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Jackson's proposition.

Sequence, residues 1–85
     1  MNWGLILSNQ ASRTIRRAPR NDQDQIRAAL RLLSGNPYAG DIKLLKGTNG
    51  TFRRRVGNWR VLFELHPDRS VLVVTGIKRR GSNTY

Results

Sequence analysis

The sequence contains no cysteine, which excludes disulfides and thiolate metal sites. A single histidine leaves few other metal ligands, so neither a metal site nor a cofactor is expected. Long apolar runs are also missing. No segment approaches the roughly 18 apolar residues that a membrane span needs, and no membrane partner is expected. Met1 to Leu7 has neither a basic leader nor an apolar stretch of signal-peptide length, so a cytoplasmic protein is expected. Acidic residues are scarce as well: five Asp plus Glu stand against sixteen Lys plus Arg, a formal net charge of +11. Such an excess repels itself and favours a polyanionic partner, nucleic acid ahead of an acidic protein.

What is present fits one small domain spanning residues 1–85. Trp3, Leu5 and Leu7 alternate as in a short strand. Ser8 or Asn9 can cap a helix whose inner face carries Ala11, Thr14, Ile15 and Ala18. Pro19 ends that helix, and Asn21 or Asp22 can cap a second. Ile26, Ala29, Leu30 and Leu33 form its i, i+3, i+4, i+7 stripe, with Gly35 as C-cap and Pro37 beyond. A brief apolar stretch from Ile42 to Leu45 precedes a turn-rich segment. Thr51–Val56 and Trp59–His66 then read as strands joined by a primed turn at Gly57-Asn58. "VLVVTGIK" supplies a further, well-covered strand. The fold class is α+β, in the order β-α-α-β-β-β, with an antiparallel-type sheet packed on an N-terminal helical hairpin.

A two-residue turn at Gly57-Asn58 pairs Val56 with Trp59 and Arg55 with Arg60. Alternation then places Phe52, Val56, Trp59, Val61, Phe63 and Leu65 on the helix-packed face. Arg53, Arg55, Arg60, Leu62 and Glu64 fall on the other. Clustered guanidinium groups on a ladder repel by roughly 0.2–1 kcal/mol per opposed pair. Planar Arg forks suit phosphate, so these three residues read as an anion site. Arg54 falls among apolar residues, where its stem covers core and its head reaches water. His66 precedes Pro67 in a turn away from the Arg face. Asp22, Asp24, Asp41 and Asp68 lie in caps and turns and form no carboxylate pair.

Those that were not killed in front of Marye's Heights, with the remnants of Warren's and other corps, were huddled in the streets of Fredericksburg, demoralized and panic stricken, and it was at this time that General Jackson proposed to General Lee to turn the coats of his men inside out, so that they could distinguish each other, enter the town, and drive the Federals into the river. General Lee's consideration for the women and children that were compelled to remain within the Federal lines prevented this movement, and during the night Burnside withdrew his defeated army to the north side of the Rappahannock. I have heard it claimed by the Federals that there were no non-combatants in the town during the bombardment, but this is not true. My uncle, an old man over sixty years of age, was killed at the time. A cannon ball carried away one of his legs, and he died shortly after being shot.

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